From a young age Courtney Stanton has known that her future lay in engineering – having a classic car engineer for a dad made sure of that.
Unsure of the best way to achieve her ambitions, she took A Levels in maths, physics and design and was successful in securing a spot at university.
But drawn to the idea of learning on the job and gaining invaluable skills, she opted to turn down the offer and instead headed down the traineeship route.
“I knew that with engineering it is more suitable to do an apprenticeship in order to get hands on experience – employers always like that. I wanted something a bit more exciting than working behind a desk for hours every day,” the 21-year-old from Wiltshire explained.
While planning her next step, Courtney came across shipping group North Star’s cadet training programme and decided it would be a “good idea” to enrol.
Now in its 26th year, more than 400 people have successfully completed the company’s three-year course since its inception.
Courtney said: “It is a great programme. The course is split into five phases. Three are at college where I have been working towards my foundation degree in marine engineering. The other two are spent training and learning at sea.
“It is a really good way to do it because you can apply the things that you’ve learnt in the classroom in real life scenarios, and vice versa. It also gives you a taste of the job – that’s a massive bonus.”
Reflecting on what attracted her to North Star, Courtney says the company – the UK’s largest employer of offshore cadets – offers work in an “exciting growth area”, adding that she liked the idea of working on a platform supply vessel.
And while she acknowledged that “oil and gas is always going to be needed”, the chance to play a part in the energy transition was a big pull too.
North Star will play a key role in delivering net zero as the sole service vessel operator for the colossal Dogger Bank offshore wind farm, currently under construction in the North Sea.
“I’d love to have the opportunity to work on that project. It’d be very exciting to go from being a cadet to being employed as a qualified officer on one of the brand new ships supporting Dogger Bank,” Courtney said.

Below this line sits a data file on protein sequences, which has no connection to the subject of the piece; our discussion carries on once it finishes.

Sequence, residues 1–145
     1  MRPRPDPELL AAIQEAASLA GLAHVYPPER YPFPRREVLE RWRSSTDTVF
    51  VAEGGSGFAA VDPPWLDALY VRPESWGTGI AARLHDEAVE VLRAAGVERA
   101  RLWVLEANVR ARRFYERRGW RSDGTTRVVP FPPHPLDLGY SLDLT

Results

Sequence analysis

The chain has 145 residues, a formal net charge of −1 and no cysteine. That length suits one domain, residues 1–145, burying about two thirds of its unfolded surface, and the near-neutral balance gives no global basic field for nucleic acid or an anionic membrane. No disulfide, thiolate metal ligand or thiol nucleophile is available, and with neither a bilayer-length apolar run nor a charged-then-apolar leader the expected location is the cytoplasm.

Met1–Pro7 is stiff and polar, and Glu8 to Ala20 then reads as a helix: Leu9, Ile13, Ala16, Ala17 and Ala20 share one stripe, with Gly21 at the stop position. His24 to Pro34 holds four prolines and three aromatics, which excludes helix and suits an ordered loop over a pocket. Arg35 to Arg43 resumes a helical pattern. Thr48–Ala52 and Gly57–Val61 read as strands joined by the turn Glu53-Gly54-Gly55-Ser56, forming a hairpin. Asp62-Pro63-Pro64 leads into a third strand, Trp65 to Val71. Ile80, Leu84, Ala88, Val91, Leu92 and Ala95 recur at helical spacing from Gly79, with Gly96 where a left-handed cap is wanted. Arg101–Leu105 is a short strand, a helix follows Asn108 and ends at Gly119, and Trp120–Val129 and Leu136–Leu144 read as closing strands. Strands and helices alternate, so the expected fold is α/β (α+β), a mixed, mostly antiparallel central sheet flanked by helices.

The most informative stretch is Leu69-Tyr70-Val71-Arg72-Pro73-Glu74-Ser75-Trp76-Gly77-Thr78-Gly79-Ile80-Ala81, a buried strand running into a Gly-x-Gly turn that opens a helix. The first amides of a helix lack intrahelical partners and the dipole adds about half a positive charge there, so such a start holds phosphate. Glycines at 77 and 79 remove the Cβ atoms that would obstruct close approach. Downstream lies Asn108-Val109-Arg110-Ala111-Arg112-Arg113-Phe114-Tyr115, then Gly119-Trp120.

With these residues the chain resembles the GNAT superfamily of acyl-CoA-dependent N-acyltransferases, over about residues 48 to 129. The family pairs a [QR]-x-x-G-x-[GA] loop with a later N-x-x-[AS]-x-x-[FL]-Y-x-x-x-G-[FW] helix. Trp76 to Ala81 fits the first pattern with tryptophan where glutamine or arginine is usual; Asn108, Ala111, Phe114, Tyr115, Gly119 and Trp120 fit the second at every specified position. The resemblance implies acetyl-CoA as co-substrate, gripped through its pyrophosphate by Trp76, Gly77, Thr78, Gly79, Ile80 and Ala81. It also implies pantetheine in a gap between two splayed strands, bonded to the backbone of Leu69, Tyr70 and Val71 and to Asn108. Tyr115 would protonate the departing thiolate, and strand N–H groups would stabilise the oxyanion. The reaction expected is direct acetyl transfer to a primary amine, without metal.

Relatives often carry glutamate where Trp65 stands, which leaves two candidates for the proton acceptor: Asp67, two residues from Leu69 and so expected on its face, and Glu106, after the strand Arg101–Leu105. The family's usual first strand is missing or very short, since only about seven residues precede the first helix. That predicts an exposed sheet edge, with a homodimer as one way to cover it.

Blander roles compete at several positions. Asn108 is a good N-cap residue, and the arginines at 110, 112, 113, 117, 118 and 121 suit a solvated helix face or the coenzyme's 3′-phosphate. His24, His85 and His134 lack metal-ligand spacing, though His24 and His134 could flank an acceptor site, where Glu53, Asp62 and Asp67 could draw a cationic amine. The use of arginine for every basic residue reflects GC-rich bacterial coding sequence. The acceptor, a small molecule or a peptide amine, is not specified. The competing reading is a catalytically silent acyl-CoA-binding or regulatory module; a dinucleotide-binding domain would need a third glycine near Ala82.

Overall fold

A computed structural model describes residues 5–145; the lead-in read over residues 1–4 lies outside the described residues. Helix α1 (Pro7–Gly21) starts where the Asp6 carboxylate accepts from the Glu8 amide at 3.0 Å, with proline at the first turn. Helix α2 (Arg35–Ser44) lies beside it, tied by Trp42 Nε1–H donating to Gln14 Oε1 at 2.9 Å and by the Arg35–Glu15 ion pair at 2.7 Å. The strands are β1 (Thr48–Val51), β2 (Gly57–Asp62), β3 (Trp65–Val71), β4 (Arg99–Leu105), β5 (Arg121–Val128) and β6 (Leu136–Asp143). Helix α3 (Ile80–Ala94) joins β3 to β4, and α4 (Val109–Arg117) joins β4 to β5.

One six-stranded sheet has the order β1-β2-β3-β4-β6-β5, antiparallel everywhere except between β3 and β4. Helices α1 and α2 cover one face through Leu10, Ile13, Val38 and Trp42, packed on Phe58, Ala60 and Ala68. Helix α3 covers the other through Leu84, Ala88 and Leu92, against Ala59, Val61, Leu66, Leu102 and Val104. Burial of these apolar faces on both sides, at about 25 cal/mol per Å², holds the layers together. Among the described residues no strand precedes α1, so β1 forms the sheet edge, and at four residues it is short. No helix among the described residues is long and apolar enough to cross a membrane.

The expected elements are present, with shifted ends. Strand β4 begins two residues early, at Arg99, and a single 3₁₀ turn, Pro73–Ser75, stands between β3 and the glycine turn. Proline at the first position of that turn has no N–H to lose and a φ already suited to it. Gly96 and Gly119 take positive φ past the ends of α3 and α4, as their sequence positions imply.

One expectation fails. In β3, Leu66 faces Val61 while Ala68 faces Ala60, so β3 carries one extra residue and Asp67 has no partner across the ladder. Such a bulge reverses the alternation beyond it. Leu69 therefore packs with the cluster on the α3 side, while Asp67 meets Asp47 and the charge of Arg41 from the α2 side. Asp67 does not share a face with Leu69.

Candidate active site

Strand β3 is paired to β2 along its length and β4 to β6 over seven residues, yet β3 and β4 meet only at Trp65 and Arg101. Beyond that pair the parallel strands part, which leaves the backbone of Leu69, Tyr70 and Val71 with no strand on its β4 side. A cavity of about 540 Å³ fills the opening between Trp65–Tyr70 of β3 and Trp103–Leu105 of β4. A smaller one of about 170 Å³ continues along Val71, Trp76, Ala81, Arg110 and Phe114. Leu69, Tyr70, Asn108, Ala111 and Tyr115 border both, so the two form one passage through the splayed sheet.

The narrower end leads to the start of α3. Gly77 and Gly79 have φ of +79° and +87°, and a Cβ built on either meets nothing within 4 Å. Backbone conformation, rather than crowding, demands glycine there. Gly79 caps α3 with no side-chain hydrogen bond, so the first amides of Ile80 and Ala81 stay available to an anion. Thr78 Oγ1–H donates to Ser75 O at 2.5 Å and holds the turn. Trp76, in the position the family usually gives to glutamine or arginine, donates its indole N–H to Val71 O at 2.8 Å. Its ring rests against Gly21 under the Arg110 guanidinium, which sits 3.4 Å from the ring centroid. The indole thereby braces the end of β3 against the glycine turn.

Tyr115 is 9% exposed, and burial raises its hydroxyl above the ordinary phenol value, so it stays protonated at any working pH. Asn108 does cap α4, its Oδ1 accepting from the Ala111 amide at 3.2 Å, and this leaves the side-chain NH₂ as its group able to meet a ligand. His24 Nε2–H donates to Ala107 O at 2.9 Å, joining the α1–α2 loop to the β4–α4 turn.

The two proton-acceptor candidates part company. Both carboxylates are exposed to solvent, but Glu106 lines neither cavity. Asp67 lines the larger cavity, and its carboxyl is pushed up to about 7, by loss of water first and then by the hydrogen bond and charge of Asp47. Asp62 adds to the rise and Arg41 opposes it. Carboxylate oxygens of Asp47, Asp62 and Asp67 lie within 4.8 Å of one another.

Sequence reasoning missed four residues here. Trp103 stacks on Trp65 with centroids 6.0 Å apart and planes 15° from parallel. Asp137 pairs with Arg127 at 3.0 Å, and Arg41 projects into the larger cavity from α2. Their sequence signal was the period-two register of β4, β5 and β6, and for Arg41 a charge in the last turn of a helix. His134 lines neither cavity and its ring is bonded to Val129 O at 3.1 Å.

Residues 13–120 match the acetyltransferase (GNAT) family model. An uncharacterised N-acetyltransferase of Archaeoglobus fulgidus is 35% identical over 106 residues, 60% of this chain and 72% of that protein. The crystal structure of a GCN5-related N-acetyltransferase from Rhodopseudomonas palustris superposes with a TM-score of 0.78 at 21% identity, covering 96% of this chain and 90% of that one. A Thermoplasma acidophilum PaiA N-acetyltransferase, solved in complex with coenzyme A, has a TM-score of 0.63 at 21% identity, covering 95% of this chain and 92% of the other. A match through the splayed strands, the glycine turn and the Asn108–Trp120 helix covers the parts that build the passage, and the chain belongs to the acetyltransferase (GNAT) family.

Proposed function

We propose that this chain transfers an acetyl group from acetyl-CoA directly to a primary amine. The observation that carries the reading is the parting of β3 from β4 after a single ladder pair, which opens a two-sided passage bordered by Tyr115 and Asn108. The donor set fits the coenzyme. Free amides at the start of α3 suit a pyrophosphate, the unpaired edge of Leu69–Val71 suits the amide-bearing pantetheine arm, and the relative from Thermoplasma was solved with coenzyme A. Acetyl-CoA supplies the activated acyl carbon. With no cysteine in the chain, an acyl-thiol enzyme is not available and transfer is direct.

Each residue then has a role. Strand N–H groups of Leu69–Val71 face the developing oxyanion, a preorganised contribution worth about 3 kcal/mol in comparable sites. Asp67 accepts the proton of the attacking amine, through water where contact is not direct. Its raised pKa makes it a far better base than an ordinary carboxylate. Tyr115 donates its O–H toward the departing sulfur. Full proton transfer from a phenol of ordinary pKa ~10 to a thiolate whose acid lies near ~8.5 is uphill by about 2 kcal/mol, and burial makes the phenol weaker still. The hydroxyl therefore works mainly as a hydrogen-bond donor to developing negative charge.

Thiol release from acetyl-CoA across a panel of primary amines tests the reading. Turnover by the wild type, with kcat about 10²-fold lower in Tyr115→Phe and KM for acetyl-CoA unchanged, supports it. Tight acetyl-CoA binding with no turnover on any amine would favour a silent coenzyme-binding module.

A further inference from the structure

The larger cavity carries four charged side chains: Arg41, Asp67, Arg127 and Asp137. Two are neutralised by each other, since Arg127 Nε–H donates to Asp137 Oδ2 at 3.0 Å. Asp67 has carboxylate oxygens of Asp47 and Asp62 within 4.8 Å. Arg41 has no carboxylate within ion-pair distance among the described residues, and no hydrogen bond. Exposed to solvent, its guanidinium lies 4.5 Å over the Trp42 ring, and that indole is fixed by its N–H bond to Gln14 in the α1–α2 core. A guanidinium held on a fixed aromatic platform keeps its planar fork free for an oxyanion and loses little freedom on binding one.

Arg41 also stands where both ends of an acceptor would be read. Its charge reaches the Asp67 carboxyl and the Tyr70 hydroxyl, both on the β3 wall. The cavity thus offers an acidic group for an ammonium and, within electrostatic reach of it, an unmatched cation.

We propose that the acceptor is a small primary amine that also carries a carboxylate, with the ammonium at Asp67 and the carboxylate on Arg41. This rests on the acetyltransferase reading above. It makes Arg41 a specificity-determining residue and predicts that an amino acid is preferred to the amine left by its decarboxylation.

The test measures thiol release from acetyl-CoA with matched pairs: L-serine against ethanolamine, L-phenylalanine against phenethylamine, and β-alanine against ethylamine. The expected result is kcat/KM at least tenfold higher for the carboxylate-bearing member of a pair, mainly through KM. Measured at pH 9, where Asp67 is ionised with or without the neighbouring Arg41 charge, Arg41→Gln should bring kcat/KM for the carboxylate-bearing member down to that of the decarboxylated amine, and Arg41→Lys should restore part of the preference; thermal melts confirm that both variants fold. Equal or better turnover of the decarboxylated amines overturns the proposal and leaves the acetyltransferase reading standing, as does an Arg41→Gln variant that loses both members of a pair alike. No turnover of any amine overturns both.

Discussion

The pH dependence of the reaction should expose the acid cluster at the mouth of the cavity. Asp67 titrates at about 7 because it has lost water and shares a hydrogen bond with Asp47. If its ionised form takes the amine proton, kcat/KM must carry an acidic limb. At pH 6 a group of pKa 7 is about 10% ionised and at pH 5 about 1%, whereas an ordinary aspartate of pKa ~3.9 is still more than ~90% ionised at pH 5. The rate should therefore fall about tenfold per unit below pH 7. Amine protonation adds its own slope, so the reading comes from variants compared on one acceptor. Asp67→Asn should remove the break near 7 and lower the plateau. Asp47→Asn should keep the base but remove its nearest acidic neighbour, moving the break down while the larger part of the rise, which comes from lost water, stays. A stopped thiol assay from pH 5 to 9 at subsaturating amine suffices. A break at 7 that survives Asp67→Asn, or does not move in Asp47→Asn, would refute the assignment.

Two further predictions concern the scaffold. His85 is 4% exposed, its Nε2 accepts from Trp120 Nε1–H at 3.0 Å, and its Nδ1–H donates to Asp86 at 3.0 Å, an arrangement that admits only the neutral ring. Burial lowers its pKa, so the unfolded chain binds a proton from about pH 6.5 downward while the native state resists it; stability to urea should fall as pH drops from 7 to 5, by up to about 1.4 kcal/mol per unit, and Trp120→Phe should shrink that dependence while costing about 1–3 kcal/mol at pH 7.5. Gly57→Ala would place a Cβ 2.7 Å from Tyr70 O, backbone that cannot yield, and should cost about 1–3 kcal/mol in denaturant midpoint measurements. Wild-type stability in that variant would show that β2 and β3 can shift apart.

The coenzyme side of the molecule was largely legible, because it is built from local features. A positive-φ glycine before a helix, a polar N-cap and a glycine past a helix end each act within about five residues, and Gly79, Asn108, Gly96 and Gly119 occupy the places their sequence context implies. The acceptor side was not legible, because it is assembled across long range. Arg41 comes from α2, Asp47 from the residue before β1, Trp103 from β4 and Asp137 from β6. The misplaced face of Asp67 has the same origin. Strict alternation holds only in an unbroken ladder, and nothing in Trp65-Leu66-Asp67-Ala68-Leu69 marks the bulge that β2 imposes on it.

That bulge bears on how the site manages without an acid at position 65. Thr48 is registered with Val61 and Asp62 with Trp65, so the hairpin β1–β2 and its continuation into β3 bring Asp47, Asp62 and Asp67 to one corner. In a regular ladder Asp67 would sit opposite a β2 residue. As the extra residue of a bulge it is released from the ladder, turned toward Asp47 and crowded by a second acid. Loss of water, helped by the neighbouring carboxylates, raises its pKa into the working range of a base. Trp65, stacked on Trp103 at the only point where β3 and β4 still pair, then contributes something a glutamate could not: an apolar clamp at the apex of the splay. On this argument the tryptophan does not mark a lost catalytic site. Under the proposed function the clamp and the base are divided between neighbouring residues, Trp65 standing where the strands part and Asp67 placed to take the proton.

Since starting her cadetship more than two years ago, Courtney has worked on five of North Star’s 47 vessels in the North Sea and Irish Sea, spending up to eight weeks at a time offshore.
As well as coming across some “rather challenging” weather, she has also experienced being a rare female face in what remains a male dominated industry.
She said: “Statistics wise, I’ve worked with six or seven different sets of crew – all with a minimum of 12 people – and I’ve only ever worked with one other female.”
Moreover in Courtney’s class of 11 engineering cadets, there are just two women, and even to have that number is “quite rare” she said.
She added: “It is definitely male dominated, especially in oil and gas, but I do think it is changing. You are seeing a lot more women working in the maritime sector and that is a big positive.
“I’ve also had no negative experiences, everyone I’ve worked with has been very welcoming and I’ve made some lifelong friends.”
Courtney’s time as a cadet will soon come to an end when in the summer she qualifies as an engineer officers of the watch.
While she would like to get a job with North Star, which has 100 cadets enrolled on its programme, she is also keen to work on “many different vessels” in order to become a “well rounded marine engineer”.
Eventually Courtney has set her sights on becoming a chief engineer on a vessel and to turn her foundation degree into a BA or an MA.
She said: “That’s something that is great about the North Star programme. It makes it really easy to advance your qualifications and to keep on progressing.”